Antibiotics include medications such as Gentamycin, Neomycin, Streptomycin, Cephalosporins, Penicillins, and Tetracyclines. Most antibiotics are used only for a short amount of time. However, some patients are put on long-term antibiotic therapies. This long-term use can lead to depletion of:
- B Vitamins
- Vitamin K
You can increase intake of these vitamins and minerals through a healthy diet, but some patients will need to incorporate a high-quality multivitamin daily. No matter what choice you make for vitamin repletion, every patient will require a high-dose probiotic to recolonize the bacteria in the gastrointestinal tract. Talk to your doctor about what probiotic is right for you.
Drugs in this category are collectively called “statins” and include names like: Lipitor, Crestor, Zocor, and others. They too deplete Coenzyme Q10. Low energy is a common complaint from patients on statins and this can be partially due to depleted CoQ10. Seek a high-quality CoQ10 supplement to fight this fatigue.
Metformin and Sulfonylurea drugs are used to manage Type 2 Diabetes. Metformin being the oldest and most common drug in this category, depletes: Coenzyme Q10, Vitamin B12, and Folic Acid. All three of these directly affect energy levels, cardiovascular health, and the immune system. Since most patients continue with long-term Metformin therapy, I recommend repletion with high-quality supplements for these nutrients. When purchasing your supplements, be sure that your Vitamin B12 and Folic Acid are in the active/bioavailable form. Look for “methylcobalamin” for B12 and “5-methyltetrahydrofolic acid” for Folic Acid.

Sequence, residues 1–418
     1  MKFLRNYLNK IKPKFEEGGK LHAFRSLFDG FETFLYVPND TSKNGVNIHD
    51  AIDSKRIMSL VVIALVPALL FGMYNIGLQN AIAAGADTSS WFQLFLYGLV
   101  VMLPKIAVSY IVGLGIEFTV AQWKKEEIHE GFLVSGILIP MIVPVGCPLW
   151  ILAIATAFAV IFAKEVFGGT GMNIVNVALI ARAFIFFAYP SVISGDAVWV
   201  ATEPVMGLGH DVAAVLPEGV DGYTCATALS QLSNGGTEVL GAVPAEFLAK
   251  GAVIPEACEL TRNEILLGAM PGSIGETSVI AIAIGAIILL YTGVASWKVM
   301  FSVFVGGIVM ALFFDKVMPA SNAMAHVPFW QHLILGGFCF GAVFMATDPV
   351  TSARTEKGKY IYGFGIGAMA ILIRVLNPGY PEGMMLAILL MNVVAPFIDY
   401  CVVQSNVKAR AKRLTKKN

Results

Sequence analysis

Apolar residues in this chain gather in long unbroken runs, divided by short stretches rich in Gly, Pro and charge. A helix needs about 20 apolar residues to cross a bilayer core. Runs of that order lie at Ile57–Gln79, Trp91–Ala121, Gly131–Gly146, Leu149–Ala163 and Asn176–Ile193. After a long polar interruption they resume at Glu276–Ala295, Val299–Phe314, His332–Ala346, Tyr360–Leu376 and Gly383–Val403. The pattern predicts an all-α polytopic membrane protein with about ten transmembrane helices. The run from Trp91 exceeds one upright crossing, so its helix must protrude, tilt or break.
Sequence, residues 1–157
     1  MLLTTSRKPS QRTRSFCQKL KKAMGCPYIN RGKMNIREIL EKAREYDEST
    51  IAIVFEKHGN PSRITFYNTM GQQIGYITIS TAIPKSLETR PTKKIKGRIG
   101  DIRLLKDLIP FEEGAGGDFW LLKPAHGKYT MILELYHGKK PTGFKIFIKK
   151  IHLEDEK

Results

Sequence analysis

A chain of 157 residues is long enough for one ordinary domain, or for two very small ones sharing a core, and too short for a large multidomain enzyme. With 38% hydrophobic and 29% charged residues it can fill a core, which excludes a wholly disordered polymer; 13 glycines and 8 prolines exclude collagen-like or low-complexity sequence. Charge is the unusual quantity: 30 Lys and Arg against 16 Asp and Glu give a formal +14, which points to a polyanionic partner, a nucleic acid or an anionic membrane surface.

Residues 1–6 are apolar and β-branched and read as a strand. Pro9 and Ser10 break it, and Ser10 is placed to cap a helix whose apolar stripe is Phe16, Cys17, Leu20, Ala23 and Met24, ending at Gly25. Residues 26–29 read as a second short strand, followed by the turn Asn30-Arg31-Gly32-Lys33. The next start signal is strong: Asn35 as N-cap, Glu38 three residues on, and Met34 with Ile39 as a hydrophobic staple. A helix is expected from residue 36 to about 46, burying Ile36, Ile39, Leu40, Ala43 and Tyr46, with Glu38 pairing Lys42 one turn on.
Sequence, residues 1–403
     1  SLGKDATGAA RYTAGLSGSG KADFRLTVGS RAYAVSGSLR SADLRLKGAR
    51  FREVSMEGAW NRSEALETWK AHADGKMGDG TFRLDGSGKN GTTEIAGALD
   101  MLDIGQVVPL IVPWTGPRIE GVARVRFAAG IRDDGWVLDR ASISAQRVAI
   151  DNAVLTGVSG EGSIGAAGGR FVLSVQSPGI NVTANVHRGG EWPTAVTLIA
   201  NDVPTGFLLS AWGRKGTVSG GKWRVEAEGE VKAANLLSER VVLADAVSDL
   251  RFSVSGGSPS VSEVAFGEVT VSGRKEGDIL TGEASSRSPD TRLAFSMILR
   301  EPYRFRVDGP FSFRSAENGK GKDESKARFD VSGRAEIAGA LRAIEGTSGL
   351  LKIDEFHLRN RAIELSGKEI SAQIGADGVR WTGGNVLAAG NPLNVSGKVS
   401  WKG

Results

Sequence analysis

Want to know if you are nutrient depleted? We offer Spectracell Micronutrient Testing. This test looks at your nutritional status from a cellular level checking vitamins and minerals such as: B Vitamins, Vitamin K, Vitamin D, Selenium, Coenzyme Q10, Copper, and many more. Test results come with repletion suggestions for foods or supplements and the appropriate dosing.
If you currently take any of these medications and want to know if you are nutrient deficient, we offer testing in our office through a company called Spectracell. You can call any of our offices to request Spectracell testing.
Dr. Melissa Miskell